JEFFERSON CITY, Mo. — A sweeping overhaul of the ethical standards relating to the Missouri General Assembly has been in effect for a little more than one week and one Missourian is looking to modify it.
Winston Apple is seeking approval from the Secretary of State’s Office to circulate an initiative petition that would alter the recently voter-approved Amendment III in the Missouri Constitution.
Petition 2020-017 seeks institute a ranked voting system that would also determine how vacant seats were filled. The proposal also seeks to alter how many legislative seats are in each congressional district.
“If a senator or representative resigns, dies, or is removed from office for any reason during the subsequent legislative sessions, the seat shall be filled by the next candidate from her or his party’s ordered list, or in the case of an independent candidate, the candidate would have been elected had there been one more member elected using the prescribed method for tabulating votes,” is the language Apple hopes to add.
Theodis Brown has also filed an initiative petition, Petition 2020-016, which states, “the director of the department of public safety to provide mandated consideration to minority disadvantaged small businesses owned by people of color, and female gender ownerships, as part of Missouri economic development.”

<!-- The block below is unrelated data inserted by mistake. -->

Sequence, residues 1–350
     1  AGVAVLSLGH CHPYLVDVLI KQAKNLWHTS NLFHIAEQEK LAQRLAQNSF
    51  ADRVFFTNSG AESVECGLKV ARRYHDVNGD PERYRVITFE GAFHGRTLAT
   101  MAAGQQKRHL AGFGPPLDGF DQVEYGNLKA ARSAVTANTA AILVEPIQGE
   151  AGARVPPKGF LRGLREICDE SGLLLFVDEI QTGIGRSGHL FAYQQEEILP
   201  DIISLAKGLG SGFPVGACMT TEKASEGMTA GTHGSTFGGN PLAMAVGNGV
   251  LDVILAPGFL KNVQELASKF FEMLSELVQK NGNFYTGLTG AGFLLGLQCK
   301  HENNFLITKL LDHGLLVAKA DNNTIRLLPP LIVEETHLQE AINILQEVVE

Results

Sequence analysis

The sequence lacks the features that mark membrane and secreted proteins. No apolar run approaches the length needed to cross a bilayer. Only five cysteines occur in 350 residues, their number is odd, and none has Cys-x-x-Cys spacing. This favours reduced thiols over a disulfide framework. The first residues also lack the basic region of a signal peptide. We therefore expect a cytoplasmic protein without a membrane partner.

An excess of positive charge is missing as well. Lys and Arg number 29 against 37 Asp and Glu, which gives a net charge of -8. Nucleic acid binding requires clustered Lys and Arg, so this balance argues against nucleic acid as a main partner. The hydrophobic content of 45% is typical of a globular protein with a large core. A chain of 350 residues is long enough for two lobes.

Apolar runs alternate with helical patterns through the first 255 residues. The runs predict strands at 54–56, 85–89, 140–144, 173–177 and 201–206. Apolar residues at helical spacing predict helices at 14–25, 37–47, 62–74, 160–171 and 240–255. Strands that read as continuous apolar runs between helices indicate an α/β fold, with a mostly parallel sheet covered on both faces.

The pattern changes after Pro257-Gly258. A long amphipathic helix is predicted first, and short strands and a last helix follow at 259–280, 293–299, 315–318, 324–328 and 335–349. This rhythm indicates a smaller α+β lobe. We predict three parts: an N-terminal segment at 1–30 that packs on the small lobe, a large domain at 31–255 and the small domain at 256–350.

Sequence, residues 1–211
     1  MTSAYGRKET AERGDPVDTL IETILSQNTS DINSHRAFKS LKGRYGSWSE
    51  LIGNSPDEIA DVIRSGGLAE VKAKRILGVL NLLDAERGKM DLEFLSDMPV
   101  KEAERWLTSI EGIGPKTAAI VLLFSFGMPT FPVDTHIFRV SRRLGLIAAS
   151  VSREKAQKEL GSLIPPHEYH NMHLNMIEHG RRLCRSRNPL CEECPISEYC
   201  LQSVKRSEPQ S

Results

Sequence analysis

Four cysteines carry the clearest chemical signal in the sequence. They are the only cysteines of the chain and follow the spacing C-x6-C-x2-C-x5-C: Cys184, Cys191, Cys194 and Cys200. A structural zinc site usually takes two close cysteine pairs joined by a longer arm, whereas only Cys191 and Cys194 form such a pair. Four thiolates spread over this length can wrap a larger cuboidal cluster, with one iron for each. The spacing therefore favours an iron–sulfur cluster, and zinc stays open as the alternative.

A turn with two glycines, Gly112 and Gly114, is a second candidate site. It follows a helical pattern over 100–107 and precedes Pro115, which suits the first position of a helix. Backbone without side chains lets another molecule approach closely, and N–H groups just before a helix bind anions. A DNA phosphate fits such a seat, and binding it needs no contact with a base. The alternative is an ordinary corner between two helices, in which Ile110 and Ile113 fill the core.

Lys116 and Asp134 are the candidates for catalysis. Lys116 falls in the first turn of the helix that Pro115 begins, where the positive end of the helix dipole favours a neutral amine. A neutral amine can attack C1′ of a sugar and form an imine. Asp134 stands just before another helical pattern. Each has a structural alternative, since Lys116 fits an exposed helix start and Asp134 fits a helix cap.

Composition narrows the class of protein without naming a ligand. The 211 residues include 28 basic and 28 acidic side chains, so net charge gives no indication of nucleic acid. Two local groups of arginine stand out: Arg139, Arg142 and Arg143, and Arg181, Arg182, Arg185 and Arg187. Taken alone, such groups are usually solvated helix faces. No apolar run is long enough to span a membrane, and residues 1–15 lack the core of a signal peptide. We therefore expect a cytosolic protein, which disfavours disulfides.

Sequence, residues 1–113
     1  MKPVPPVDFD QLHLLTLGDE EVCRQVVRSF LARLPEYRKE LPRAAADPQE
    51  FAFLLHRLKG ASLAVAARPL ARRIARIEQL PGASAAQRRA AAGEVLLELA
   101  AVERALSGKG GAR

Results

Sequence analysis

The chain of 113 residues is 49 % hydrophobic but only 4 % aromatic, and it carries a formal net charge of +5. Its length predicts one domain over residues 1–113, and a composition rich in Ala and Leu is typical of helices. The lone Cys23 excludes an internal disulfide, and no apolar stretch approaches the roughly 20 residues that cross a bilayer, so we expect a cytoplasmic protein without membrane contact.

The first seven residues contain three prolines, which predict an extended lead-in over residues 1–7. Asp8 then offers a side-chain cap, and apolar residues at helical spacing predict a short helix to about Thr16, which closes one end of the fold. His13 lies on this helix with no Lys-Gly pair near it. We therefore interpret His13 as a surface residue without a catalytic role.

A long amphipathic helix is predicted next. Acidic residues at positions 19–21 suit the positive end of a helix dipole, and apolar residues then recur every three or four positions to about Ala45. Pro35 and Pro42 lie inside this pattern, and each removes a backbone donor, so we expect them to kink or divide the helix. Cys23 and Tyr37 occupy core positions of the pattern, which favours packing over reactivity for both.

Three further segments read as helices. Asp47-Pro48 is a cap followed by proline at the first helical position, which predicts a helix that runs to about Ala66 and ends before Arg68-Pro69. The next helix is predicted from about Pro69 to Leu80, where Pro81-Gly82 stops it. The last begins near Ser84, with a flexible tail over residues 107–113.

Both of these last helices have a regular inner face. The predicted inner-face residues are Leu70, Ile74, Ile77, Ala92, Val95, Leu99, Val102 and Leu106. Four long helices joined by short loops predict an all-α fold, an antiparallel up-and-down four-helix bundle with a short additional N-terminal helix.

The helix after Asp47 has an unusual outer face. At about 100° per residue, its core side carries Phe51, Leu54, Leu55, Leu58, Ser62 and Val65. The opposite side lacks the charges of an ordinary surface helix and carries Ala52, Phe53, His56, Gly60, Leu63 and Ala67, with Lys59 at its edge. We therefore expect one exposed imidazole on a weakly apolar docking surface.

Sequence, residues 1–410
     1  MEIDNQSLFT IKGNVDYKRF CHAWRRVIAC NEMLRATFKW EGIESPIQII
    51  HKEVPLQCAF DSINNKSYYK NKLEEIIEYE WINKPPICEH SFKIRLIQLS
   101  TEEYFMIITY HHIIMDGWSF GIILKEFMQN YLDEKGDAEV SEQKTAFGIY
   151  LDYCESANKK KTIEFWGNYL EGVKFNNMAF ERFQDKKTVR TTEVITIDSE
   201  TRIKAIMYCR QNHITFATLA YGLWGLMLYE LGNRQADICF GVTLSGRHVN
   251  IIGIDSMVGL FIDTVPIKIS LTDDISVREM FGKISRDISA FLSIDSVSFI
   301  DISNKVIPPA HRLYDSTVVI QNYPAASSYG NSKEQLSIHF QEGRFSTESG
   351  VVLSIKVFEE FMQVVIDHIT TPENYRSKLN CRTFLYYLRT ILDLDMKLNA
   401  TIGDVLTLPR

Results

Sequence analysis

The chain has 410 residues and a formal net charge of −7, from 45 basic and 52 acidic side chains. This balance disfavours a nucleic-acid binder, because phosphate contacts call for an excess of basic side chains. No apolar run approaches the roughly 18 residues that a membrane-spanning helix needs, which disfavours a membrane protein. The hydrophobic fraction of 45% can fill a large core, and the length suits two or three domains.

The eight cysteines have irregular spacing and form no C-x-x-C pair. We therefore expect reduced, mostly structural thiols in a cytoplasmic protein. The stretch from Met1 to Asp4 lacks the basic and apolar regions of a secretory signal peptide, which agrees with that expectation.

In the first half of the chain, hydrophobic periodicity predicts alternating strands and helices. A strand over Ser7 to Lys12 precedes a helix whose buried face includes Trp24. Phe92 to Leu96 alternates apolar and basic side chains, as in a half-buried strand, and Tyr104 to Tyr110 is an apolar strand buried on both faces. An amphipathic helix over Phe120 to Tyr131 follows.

Both petitions are open for comments. In total 17 petitions have been submitted to the Secretary of State’s Office. Two have been withdrawn, six have been rejected, and 10 are accepting comments.
Before circulating petitions for signatures, state law requires that groups must first have the form of their petition approved by the Secretary of State’s Office. The office then has 23 days after the formation of the petition is approved to draft ballot summary language.
Comments will be taken pursuant to Section 116.334, RSMo. This provision allows Missourians to offer their observations on the submitted proposal online, by mail or phone. Missourians can provide their comments online. The Secretary of State’s Office will review all comments submitted.
The office received 371 petitions in the 2018 cycle, which began the day after the November 2016 election. Of those, one referendum appeared on the August 7 ballot and five ballot measures appeared on the November 6 ballot. Only three initiative petitions in total passed — ethics overhaul, minimum wage hike, and one medical marijuana measure.
This article is part of a periodic update on the initiative petition process. Other stories in the series can be found here.